How I Came to Write this Book:
BONES OF A FEATHER is the 11th in the Sarah Booth Delaney Mississippi Delta mystery series. To talk about this book, I have to go back to the very beginning. I would love to say that I’ve “planned” my writing life, but that would be a lie. Then again, my ex-husband used to say that writers are “nothing more than professional liars.” He said it without malice, and it always got a laugh out of me and my writer friends.
I started the series back in 1998 when I’d finished a two-book contract for Dutton for some general fiction novels, TOUCHED and SUMMER OF THE REDEEMERS. I was the writer who started out writing short stories for the love of writing with no intention of publishing. I didn’t know what an agent was. My world was journalism, though I loved writing fiction and telling stories, a practice that was “a family affair.” Everyone in my family tells stories—or lies, as the case may be.
At any rate, I was at a place that is both joy and dread for a writer. I wasn’t under contract, and I could write anything I wanted. Oh joy! Oh dread! I’d started out with a few ideas that died on the vine. But as I sat at my computer, looking out over my horses grazing, I heard Sarah Booth Delaney arguing with Jitty. The were going at it tooth and nail. As usual (I didn’t know this at the time) Jitty was winning.
So I started writing what they were saying, and as I wrote I began to see the characters. Imagine my surprise to discover that Jitty was an antebellum-era ghost! But the story unfolded with rapid speed. Imagine my surprise to discover I was writing a mystery! I’ve always loved mysteries, but I never thought I was smart enough to plot one out.
So the story began with one book, THEM BONES. My agent sold the book at auction, and Random House wanted a three-book contract. So I was writing a series!
Again, I wish I could say that I had some grand plan where I knew exactly what I was doing, but that wouldn’t be true. (And when has that ever stopped me, you might ask? But don’t. That’s a rabbit trail with endless loops.)
As it turns out, Sarah Booth, Tinkie, Jitty, Coleman, Graf, Cece and the rest of the Zinnia, Mississippi, gang have become as real as my flesh and blood friends. They are ornery and hard-headed and determined characters who sort of “fall” into the story lines.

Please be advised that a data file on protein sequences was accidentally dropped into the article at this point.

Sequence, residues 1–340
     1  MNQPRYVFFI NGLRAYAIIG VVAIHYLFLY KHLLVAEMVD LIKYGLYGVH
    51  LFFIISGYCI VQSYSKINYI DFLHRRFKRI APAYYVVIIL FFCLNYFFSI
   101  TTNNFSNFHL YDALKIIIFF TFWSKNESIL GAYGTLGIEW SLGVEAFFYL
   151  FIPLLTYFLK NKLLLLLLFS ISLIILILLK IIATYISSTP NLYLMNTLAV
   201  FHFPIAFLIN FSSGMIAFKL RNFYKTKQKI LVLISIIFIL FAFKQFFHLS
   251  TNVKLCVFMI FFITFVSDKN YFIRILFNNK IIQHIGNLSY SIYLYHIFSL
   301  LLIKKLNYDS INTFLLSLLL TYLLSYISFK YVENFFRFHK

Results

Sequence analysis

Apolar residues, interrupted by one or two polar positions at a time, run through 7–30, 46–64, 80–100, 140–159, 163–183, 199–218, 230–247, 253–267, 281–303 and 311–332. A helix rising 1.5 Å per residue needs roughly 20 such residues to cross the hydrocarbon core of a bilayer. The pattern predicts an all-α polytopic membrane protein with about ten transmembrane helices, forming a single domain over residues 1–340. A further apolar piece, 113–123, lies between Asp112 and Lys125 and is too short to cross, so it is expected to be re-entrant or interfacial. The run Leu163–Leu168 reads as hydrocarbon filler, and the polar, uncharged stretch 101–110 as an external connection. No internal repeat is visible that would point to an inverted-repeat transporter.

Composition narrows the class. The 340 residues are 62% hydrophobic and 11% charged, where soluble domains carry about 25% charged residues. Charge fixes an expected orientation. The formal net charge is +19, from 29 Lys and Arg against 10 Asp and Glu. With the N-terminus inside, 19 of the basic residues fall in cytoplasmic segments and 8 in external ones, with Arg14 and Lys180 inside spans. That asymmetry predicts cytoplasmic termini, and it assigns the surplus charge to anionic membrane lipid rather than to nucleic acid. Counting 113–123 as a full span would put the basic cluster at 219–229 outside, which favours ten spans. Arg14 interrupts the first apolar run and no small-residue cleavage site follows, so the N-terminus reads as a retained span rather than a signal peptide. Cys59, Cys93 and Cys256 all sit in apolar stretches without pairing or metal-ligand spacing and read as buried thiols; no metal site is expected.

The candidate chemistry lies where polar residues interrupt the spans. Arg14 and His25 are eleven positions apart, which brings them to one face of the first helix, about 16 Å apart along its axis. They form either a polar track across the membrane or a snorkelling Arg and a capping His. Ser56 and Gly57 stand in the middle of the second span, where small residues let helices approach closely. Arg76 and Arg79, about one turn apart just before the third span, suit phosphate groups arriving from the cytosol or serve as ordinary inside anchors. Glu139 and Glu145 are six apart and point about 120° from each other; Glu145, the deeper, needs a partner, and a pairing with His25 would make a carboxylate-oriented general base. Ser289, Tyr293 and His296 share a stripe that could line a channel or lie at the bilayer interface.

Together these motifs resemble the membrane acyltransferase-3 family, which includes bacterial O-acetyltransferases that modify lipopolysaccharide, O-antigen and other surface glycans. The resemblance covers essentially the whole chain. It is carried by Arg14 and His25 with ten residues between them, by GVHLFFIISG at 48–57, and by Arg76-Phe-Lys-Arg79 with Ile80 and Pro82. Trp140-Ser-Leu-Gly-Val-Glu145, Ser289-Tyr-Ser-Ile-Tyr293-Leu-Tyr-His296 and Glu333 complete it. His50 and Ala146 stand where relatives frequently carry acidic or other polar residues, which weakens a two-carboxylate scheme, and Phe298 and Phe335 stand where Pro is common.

At the end of BONE APPETIT, Tinkie had been injured—again. (Tinkie is Sarah Booth partner in the Delaney Detective Agency and a real Daddy’s Girl—from a wealthy background and used to twisting men around her little finger) The men in Sarah Booth’s and Tinkie’s lives are more than a little annoyed at their propensity to get into danger. So, I thought, what about an insurance case! No bodies, no guns, no dire consequences. And lo and behold, the Levert sisters stepped into the scene to hire Sarah Booth and Tinkie to verify the theft of a very, very expensive ruby necklace.
The Leverts are wealthy, and they live in Natchez, Mississippi, a small city on the Mississippi River with a wonderful, sordid, and exciting past. It’s only a couple of hours from the fictional town of Zinnia.
Okay, so now I have Sarah Booth and Tinkie on a case without danger, in a great city with a fabulous history. This will be fun to write. A heist—not a murder. That’s exactly what I was thinking. Wrong!
Nothing about the Leverts is real. Talk about liars! But I didn’t really know any of this until I started writing and Sarah Booth and Tinkie started investigating.
So yet again, I was led into the story by my characters. They do seem to get themselves into some dire circumstances. I can see why the stay in hot water with their friends and loved ones.
All I can say is that I love writing about my home state of Mississippi. I worked as a journalist for 10 years before I started writing novels, and I traveled around the state a lot. Natchez is a unique and wonderful place—the perfect setting for the dark story told in BONES OF A FEATHER.